How To Set Actionable Goals
The secret to getting things done in any area of your life is to use your imagination to create a vision, then develop goals as part of a long-range plan that supports the vision. Finally, of course, you have to summon the energy and determination to carry out that plan.
A very effective way to set individual goals is called Roles and Goals. You can use Roles and Goals to set clear and actionable goals and then develop a plan to make those goals a reality. Here are the ABCs for using Roles and Goals.
1. Review your vision and the key roles in your life. Begin by aligning your goals with your vision. Next, divide your life into key roles. These roles might include parent, friend, manager, employee, professional, student, citizen or church member. You also have the “personal”
role –– maintaining your physical, mental, emotional and spiritual health. When you divide your life into your various roles, it helps prevent misalignment of priorities and helps you focus your time on what matters most.
2. Develop annual goals in each role using the SMART method. SMART refers to setting goals that are Specific, Measurable, Achievable, Relevant and Time-specific. Set SMART goals within each role.
3. Share your goals. Send your goals to a few friends, mentors, advisors or others who you admire and respect and who can give feedback that is worth following. This
makes your goals official and makes you accountable.
4. Develop a plan and set milestones. The next step is to develop a plan with milestones to accomplish your goals. Determine what you’ll do in each step, with markers or milestones along the way. Breaking down a goal into actionable milestones makes it doable.
5. Post your goals in a prominent place. Put your written goals and plan in a place where you can see them often. Review your annual goals or major goals regularly so that they remain fresh in your mind. It’s helpful to review them each week prior to doing your planning for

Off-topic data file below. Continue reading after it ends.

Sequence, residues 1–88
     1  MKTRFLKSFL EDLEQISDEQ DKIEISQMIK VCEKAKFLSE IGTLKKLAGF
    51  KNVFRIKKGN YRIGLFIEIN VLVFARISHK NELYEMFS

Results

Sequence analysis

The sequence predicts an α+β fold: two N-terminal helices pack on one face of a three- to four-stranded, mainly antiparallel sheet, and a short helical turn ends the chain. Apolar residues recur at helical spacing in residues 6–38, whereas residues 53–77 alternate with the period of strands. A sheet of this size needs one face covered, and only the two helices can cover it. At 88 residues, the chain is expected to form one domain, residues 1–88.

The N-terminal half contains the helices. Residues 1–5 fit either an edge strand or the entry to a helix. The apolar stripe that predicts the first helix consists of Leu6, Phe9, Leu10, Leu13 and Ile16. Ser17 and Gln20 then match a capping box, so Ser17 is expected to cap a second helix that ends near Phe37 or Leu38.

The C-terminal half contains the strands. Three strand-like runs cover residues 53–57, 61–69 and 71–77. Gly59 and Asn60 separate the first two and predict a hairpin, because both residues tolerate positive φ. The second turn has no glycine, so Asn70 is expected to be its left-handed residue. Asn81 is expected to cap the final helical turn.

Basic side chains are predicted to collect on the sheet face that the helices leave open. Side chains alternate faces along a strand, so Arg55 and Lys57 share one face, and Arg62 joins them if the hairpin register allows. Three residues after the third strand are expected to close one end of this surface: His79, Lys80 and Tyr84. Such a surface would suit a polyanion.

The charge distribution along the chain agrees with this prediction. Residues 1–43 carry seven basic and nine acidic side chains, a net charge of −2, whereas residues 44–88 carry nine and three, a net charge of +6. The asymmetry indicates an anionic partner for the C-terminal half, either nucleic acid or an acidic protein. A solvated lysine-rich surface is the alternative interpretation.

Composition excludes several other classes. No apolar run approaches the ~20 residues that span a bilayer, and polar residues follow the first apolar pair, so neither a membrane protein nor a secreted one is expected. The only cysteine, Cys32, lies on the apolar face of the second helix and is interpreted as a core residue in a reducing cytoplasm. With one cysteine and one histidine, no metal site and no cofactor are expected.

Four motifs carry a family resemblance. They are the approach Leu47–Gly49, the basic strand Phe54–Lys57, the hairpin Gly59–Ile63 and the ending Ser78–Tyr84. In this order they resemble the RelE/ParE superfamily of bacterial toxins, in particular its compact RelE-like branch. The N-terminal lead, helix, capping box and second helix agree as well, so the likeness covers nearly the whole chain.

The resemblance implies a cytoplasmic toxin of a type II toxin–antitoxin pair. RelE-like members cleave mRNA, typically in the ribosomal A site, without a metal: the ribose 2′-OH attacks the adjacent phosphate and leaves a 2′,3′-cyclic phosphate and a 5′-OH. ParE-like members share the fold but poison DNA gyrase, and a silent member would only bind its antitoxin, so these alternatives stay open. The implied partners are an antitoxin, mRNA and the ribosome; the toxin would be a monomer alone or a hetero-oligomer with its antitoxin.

Plan for the Unexpected. It’s great to have a written and well-thought-out plan. Then again, how often do things actually go as planned? Contingency plans are essential to your survival, yet they’ll be much more effective if you think about your response before the crisis hits. Every leader needs to be prepared for health issues, changes in government regulations, product failure, lawsuits, a shift in the economy and the loss of key people.
When you think about your contingency plans, one place to start is to consider what your first three responses would be to a crisis situation in your personal life or your organization.
Looking at contingency plans for your business, you should consider how you would respond to situations that could have a dramatic impact on your bottom line.
Manage for Results. Even with great plans, it still takes an effective leader to manage the plan and ensure that is is executed effectively. No leader succeeds without building a strong team of individuals who share the same vision and goals.Effective management means that you inspire and empower your team members to stand with you and help you succeed.
Once you’ve attracted good people and instilled the vision into them, you have to give them the freedom to respond to dramatic changes in the external environment. Decisive action may be essential during chaotic situations.There is rarely time to sit back and brainstorm, so your
team has to have the confidence and the freedom to do what needs to be done in a crisis situation.
As a leader, you are responsible for the success of the plan. Highly successful leaders are continually looking for ways to manage and lead their teams more effectively. It’s about never being satisfied with where you currently are but always looking for ways to improve as a leader and as an individual. That’s the spirit of becoming your best.